12. 12. That Talk Began With …. <ul><li>I want to convince you of two things </li></ul><ul><ul><li>That Java, or some language like it, is inevitable from a technological point of view </li></ul></ul><ul><ul><li>That Java itself is inevitable from a social point of view. </li></ul></ul><ul><li>I want to avoid using the traditional technology or “computer science” based arguments </li></ul>
    13. 13. My 2003 Big Bold Claim <ul><li>In the world of the future, programs will be increasingly be written by communities </li></ul><ul><li>The single best measure of whether a programming language is worth using is: how well does it support communities. </li></ul><ul><ul><li>The social aspects of the language dominate the technological aspects of the language </li></ul></ul>
    14. 14. Supporting Communities <ul><li>New programmers must be able to get up to speed in the language </li></ul><ul><li>Platforms to learn the language on must be cheap and plentiful </li></ul><ul><li>Programmers must be able to use the language on whatever machine they’re using </li></ul><ul><li>Programmers must be able to understand and reuse each other’s code </li></ul><ul><li>Old code must survive in a useful form </li></ul><ul><ul><li>And evolve and improve </li></ul></ul>
    15. 15. I Was Right <ul><li>Take a look at the libraries out there </li></ul><ul><li>Take a look at Java’s market share </li></ul><ul><li>It’s entrenched and dominant </li></ul>
    16. 16. Outline <ul><li>Who Am I / Standard Caveats </li></ul><ul><li>Java as the Foundation (2003 Recap) </li></ul><ul><li>“ Improving” the Language: Groovy </li></ul><ul><li>Improving the Framework: Grails </li></ul><ul><li>Some Actual Code </li></ul>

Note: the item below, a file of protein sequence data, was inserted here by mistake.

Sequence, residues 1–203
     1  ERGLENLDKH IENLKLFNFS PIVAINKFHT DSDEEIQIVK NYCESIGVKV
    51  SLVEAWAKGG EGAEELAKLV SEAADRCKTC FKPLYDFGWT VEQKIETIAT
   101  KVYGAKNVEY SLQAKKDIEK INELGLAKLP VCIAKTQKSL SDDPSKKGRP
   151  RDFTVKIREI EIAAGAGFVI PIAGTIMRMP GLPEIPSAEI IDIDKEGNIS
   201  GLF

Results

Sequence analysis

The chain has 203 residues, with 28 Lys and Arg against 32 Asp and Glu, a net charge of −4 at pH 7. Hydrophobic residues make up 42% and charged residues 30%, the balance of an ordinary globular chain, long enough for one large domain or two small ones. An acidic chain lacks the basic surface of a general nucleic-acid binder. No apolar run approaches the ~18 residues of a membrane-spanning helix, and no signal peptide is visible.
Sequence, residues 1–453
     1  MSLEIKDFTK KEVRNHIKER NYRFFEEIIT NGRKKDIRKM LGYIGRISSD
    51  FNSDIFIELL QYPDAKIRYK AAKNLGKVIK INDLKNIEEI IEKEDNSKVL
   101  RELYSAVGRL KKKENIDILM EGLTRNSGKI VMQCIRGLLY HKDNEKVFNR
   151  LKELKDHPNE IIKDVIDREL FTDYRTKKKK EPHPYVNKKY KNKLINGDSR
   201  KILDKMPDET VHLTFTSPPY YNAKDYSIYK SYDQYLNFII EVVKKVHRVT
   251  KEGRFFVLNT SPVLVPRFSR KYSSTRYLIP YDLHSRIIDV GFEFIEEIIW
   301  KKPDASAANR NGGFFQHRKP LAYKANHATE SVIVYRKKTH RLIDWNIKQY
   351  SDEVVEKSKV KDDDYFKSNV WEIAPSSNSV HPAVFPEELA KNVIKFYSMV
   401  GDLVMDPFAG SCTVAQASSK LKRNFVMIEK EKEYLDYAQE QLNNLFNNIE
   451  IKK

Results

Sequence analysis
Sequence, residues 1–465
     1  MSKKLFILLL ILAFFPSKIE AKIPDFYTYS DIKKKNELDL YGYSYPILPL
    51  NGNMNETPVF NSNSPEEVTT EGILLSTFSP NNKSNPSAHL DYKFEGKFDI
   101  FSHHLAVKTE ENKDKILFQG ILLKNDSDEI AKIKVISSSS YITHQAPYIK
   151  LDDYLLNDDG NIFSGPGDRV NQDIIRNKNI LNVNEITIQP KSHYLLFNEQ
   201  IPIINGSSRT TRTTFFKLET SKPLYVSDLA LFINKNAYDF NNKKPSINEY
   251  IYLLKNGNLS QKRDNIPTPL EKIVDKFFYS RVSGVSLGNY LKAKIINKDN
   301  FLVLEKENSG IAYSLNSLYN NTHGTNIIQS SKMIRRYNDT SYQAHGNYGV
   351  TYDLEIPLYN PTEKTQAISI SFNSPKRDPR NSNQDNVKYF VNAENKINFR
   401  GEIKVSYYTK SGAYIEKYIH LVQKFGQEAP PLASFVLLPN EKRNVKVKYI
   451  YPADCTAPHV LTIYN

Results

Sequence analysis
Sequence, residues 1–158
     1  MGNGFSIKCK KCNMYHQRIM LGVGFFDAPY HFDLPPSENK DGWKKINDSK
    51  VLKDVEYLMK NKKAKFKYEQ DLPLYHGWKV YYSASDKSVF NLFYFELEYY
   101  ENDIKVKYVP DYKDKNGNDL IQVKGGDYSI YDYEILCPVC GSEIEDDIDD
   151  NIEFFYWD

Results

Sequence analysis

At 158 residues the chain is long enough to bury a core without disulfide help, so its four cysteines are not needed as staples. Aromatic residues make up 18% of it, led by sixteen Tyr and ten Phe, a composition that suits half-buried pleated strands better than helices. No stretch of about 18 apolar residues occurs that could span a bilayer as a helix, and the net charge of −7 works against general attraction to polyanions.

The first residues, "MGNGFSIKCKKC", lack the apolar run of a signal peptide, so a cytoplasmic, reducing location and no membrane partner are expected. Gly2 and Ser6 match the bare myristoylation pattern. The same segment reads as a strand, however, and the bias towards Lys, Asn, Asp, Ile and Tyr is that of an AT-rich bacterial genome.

17. 17. But I Wasn’t Completely Right JVM Platform Libraries and Application Frameworks Your App / Your Web App Your Libraries Your Prototypes Down here, Java, super clear semantics, WORA etcetera win Hmm. Community properties probably only matter for largish things that you share or keep and reuse for a long time. Maybe we can do better than Java?
    18. 18. Lots of people having similar thoughts. The JVM is robust enough, and the platform is robust enough, and … that people are starting to seriously layer languages on top.
    19. 19. Short list of “interesting” languages: Jython JRuby Scala Groovy Kawa Clojure PHP NetRexx (??)
    20. 20. Completely a sidenote: If you’re curious about programming language design, this is the single best site on the web
    21. 21. Closures have been THE hot topic in commercial language design
    22. 22. Odersky’s claim: closures + first class containers + super strong typing are the bees knees
    23. 23. Complexity is bad. Java is near the edge of the cliff. 4.5M PDF and a Tiny Thumbnail? For Generics? Ruby has a similar problem (more later)
    24. 24. Desiderata for the Tiers JVM Platform Libraries and Application Frameworks Your App Your Libraries Your Prototypes Strong typing Absolutely clear semantics Minimal evolution of language None of the other stuff is necessary Looks like Java Clear, readable code Non-verbose language Complete integration with Java First class containers Closures Great XML support Rapid Prototyping (REPL) Metaobject Protocol
    25. 25. Only Groovy Makes the Short List <ul><li>Start with: Jython, JRuby, Scala, Groovy, Kawa, Clojure, PHP, NetRexx </li></ul><ul><ul><li>Only Scala and Groovy look even remotely like Java </li></ul></ul><ul><li>Both Scala and Groovy have first class containers, complete integration with Java, closures, rapid prototyping, and great XML support </li></ul><ul><li>Groovy’s metaobject protocol, and Grails, make it the winner </li></ul><ul><ul><li>Note that I’m completely avoiding the usual phrasing of the “dynamic typing” question, since I find it annoying </li></ul></ul>
    26. 27. Looks Like Java Go read the code examples It’s easy